When we think of containers, we often overlook the ways in which the contents can affect the container itself — warming or cooling it, staining or bleaching it, stretching or strengthening it and even breaking it. The word used in Tibetan for “contents’ in this analogy also literally means “nutrients”, such that we ourselves are like the nourishment for the world that contains us. Indeed, as I have mentioned, the carbon dioxide we exhale nourishes the trees and plants, and our bodies also return to the earth and nourish it after we have died. The natural environment, in turn, nourishes us and provides us with the conditions we need for life. What this signals is that the connections of interdependence between us and the world we live in are far closer and more reciprocal than we normally envision.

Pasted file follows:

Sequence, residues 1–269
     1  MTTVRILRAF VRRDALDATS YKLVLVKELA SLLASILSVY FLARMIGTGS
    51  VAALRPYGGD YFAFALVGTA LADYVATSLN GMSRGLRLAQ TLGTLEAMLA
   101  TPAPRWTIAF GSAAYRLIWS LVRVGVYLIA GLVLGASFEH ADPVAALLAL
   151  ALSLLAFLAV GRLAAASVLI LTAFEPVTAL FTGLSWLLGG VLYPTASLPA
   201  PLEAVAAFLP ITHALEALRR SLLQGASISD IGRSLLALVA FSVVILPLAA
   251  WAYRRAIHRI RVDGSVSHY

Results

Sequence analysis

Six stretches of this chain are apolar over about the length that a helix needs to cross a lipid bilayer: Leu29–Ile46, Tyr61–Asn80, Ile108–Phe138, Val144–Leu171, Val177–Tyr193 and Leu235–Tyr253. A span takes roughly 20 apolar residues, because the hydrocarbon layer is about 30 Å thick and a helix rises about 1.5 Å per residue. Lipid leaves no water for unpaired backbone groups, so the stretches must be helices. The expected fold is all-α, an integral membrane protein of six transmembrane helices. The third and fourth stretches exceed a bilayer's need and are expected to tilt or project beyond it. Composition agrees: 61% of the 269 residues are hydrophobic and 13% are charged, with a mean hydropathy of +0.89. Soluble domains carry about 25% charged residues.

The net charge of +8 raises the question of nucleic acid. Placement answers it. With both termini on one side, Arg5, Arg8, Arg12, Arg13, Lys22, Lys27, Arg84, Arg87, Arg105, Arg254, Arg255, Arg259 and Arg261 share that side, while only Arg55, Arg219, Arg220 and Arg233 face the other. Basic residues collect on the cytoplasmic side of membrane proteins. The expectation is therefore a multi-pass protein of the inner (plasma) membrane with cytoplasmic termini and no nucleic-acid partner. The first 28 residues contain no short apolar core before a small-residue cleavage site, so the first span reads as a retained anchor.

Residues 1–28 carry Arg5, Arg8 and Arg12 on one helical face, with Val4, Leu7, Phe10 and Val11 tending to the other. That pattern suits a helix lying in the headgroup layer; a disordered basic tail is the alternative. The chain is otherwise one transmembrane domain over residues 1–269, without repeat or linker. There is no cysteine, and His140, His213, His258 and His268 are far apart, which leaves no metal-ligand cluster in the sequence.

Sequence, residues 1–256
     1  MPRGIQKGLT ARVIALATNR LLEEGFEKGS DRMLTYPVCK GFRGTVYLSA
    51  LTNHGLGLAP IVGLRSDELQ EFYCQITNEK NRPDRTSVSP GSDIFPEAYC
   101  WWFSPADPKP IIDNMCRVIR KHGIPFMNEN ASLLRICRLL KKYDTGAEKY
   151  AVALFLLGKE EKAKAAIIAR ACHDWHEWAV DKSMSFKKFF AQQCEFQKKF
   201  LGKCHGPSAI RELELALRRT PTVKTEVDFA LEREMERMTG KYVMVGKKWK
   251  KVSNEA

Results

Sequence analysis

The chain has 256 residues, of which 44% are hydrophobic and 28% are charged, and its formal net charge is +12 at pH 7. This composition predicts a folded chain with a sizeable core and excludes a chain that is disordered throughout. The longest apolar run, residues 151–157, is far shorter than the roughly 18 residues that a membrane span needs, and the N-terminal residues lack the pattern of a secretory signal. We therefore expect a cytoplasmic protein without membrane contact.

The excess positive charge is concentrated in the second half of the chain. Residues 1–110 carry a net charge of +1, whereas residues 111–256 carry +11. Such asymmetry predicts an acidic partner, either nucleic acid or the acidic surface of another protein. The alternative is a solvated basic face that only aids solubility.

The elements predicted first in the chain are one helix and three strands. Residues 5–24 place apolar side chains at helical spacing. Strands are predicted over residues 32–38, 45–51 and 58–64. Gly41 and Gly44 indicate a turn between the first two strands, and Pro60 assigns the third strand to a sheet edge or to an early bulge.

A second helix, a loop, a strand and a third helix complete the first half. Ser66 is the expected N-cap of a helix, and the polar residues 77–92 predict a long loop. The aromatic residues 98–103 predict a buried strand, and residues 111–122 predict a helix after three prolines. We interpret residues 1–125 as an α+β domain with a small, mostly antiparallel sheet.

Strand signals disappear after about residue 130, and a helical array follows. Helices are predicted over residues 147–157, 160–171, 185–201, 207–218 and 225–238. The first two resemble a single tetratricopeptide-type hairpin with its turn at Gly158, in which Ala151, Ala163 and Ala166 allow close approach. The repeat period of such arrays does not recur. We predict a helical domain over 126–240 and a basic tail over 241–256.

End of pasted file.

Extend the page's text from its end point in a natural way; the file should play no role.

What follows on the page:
from the book Interconnected: Embracing Life in Our Global Society
Read a random quote or see all quotes by the 17th Karmapa.
Further quotes from the book Interconnected:
- Inner freedom is key
- A Vast and Complex Web of Causality
- Bringing about real change in the world
- The power of our senses
- You exist in connection with others
- The air we breathe
- Our intimate dependence on the natural environment
- Touching the core of our equality